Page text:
One of your top team members sends you that cryptic, “Do you have time to talk this week?” email. You, of course, get a meeting on the books as soon as you can. Then the bomb drops. They tell you that they’re leaving the company.
What?! Why?! They are such a solid performer. I thought they were happy here. I wonder if there is anything I can do to get them to stay!
Maybe. But by this point, it is probably too late. You need to identify signs that your employee may quit far in advance when there is still time for you to do something about it.
Of course, you’re not a mind reader, and we’re not expecting you to be. You’ll never know with 100% certainty how everyone is feeling all of the time. You can, however, proactively engage your team members in ongoing dialogue about their goals and ensure they are constantly learning, growing and being rewarded. These are all key components of retaining your team.
So to start, who might be a flight risk? How can you tell in advance?
They haven’t gotten a significant raise in a while.
Money is not everything. I repeat – money is not everything. It is, however, very important. It is important not just because it is our livelihood, but also because it is a quantifiable reflection of our worth.
If you have a team member who has continued to up their skills and contributions, who has recently received additional education or training, who has taken on additional responsibilities – all of these are worthy of a raise. Not just a cost of living bump, but a significant raise. If your top team members aren’t being financially rewarded for their continued contributions, they will likely start to look externally to find someplace that will reward them.
If you have a team member who is a high performer that you don’t want to lose, proactively advocate for budget to continue to increase their pay or award them a bonus. If that isn’t financially feasible, identify other ways to reward them. Maybe you can include them in a high profile meeting, provide them with additional training or even award them with additional vacation time.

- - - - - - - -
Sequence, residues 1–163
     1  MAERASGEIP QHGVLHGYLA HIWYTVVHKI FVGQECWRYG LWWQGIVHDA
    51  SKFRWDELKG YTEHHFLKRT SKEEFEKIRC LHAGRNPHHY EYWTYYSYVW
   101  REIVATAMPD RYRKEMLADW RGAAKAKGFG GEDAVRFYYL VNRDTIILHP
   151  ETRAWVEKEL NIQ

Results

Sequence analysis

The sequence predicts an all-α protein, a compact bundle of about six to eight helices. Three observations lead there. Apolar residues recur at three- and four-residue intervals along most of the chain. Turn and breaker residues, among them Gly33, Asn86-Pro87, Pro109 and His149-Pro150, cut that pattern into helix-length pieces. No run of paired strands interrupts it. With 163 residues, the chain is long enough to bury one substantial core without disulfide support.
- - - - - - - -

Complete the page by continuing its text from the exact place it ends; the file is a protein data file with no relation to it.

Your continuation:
Acknowledge their worth, and do what is in your power to demonstrate that to them.
They’ve made requests about their role within the company.
Coaching people through career transitions is a specialty of ours at Ama La Vida, and we are sure to capture data about their decision to leave so we get the full picture. More than half of our career transition clients have spoken with someone within their organization about their desire for things to change before seeking support from a coach to help them determine their next move.
That means that more than half of your employees aren’t leaving you guessing at all. They are actually coming to you and saying, “Here’s what I want.” “Here are changes I’d like to see.” “Here are opportunities I’d like to be involved with.” Sure, they might not pepper onto the end “or else I’ll leave,” but what if you thought about it that way? I don’t want you running around fearful that people are leaving every time they make a comment, but I do want you to take their requests seriously.
Of our career transition clients, 14% say they would want to stay with their employer if their role was improved. So sure, that’s not everyone, but a 14% improvement in retention is nothing to scoff at.
When your team members come to you expressing interest in gaining new experience or working through some challenges they are facing, listen to them. Take their feedback to heart and do what you can to create the opportunities they are looking for. Even if it means that person will leave your team, it is better for the organization to retain them than having them leave and have to train someone brand new.
They are disengaged.
If someone starts missing meetings and deadlines, passing on optional events and raising their hand less for various opportunities, they could be checking out. This is especially true if this is a new pattern of behavior. It is of course possible that they are just going through something personally or are totally slammed, but more often than not, they are beginning to disengage from the company.
If someone’s energy and enthusiasm toward their role begins to shift or if they start to have a drastic change in mood, it could be a sign that they are disengaging. Have a conversation with them to check in. Ask what is going on and what has caused this shift. Ask what they need to feel more engaged in their work. Set an action plan for yourself and for them to help reinvigorate them.
Suspicious calls and appointments.